Abstract 148: American Heart Association Athlete Prescreening Recommendations

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Objective: The purpose of this study was to determine the level of knowledge and compliance with American Heart Association (AHA) recommended guidelines for sudden cardiac death (SCD) risk screening of providers completing prescreening exams and school officials requiring prescreening exams.

Methods: Retrospective review was completed on 704 patient pre-participation exams (PPEs) between 1/1/2014 and 12/31/2015. Patient demographics and evidence of AHA screening recommendation documentation were collected. Surveys were sent to providers within Gundersen Health System who perform PPEs and to school officials within the service area to assess knowledge and compliance with AHA recommendations.

Results: There were relatively equal numbers of females and males in the sample population (46% and 54%) with a mean age of 14.3. More than half of the PPEs were the first for the patient. Evidence of documentation was found on average 67% of the time for personal history criteria with the exception of prior high blood pressure at 58%. Provider survey responses indicated assessment of personal history items at always or most of the time between 81% and 100%. Evidence of documentation for family history criteria was found on average 66% of the time with the exception of a relative with unexplained fainting or seizures at 54%; whereas survey data indicated assessment rates at 71% and 97% (always or most of the time). Physical exam criteria were found documented on average 93% of the time in the electronic medical record (EMR), with the exception of Marfan syndrome screen at only 52%. Providers reported on the survey that assessment was always or most of the time done between 30% and 100% of the time. Awareness of the AHA 14-point prescreening recommendations was reported by only 50% of providers completing exams and 0% of the school officials.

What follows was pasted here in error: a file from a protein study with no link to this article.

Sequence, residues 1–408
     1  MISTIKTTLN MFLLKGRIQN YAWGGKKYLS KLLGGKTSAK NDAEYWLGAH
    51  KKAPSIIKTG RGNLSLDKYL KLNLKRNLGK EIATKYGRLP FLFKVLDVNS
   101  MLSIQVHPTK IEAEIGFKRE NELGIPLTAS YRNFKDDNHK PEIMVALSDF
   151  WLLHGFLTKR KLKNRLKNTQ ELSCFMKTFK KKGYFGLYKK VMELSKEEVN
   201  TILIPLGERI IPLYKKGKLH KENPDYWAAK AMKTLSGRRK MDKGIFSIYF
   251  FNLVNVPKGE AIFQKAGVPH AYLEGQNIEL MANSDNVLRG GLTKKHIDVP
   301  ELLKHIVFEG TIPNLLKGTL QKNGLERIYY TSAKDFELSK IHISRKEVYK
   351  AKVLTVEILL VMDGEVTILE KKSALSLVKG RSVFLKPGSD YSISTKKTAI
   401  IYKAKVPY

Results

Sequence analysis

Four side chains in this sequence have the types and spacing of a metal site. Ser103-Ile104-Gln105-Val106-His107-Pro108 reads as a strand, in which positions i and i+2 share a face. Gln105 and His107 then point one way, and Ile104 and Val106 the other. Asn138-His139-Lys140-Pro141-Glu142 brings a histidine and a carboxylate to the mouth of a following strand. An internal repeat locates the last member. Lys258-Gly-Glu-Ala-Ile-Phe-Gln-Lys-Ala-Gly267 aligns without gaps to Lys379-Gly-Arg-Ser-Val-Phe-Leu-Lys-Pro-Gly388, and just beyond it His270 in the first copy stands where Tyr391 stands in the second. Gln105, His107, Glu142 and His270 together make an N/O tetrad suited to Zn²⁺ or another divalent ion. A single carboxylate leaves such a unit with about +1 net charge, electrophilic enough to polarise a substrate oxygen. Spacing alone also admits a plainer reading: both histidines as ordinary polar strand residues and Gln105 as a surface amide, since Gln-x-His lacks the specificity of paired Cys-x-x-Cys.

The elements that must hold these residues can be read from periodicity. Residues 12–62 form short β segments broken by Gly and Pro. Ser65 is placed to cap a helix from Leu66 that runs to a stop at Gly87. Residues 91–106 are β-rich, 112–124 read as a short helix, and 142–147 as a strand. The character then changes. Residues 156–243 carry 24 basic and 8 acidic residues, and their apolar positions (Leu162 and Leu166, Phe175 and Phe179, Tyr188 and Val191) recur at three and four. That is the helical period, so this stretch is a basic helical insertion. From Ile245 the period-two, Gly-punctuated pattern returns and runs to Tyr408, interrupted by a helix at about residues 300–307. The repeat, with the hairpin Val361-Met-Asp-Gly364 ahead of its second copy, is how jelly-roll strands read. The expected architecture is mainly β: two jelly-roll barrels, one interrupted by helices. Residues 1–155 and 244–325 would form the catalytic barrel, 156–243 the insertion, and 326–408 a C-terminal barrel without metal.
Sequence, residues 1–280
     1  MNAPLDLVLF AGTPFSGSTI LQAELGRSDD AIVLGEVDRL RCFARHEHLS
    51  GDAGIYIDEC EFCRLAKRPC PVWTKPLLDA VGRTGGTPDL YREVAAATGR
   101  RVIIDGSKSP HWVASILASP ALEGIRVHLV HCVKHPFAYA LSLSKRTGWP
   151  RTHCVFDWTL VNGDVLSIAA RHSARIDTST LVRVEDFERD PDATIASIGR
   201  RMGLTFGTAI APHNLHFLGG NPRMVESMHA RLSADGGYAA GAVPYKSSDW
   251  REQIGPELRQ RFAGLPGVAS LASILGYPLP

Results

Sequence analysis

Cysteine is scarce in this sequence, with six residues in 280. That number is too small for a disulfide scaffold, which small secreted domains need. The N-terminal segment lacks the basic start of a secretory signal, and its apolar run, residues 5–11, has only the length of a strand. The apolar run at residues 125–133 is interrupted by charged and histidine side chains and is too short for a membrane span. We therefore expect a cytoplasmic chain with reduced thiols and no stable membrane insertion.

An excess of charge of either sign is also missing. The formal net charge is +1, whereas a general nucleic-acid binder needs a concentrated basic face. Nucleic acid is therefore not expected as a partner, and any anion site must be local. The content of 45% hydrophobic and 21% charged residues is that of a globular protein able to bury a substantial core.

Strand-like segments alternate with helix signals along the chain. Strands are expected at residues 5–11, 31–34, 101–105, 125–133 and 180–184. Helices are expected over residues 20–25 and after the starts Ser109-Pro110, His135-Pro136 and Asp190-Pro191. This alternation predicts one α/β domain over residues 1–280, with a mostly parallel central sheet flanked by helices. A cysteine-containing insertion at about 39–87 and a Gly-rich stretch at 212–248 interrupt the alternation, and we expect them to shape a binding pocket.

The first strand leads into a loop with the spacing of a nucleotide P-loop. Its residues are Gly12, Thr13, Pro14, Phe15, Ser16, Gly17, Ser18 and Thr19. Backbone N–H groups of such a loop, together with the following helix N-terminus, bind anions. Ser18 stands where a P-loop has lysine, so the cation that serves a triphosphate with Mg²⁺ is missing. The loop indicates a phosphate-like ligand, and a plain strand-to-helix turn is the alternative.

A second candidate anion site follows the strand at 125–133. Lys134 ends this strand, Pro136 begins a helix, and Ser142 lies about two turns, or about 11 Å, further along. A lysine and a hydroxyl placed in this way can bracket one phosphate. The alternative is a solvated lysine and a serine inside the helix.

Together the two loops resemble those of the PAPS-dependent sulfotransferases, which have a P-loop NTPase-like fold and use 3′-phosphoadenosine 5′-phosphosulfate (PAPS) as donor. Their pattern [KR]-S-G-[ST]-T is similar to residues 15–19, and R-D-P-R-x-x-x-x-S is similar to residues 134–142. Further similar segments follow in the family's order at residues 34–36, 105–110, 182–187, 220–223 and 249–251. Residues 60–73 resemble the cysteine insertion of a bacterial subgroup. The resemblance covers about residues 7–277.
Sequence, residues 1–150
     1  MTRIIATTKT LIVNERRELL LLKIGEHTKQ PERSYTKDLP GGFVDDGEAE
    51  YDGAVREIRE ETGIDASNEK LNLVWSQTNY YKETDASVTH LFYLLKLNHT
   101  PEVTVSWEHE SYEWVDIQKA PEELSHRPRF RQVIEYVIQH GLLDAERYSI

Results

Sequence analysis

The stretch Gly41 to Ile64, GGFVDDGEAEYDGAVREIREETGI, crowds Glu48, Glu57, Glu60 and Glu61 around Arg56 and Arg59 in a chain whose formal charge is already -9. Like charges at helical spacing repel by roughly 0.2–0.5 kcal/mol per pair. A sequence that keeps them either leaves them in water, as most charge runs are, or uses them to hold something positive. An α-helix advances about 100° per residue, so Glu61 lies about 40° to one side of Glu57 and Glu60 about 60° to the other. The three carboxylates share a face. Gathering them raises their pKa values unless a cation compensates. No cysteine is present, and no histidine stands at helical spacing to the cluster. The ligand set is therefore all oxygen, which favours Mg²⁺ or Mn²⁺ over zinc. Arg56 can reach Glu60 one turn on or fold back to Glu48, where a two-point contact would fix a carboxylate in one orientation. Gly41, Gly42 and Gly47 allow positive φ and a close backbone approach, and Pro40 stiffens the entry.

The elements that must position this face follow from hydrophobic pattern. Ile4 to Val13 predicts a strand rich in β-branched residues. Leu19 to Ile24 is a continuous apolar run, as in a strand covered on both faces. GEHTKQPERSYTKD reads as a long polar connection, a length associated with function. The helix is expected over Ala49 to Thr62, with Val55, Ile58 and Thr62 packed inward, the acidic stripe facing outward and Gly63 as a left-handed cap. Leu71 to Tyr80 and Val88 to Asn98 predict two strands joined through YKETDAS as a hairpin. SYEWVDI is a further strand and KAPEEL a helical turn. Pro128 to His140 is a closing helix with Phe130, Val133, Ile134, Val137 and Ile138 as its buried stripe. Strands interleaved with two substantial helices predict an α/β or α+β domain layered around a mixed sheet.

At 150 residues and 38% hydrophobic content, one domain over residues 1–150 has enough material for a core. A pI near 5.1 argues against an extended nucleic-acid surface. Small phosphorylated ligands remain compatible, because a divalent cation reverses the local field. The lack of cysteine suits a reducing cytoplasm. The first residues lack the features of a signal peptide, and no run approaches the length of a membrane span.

Conclusions: Knowledge and awareness of the AHA 14-point recommendations for PPEs is low in our area. Providers recall performing recommended assessments at a higher rate than what was found documented in the EMR. This study has highlighted an area for improvement and opportunities for educational efforts both within our system and in collaboration with our community.

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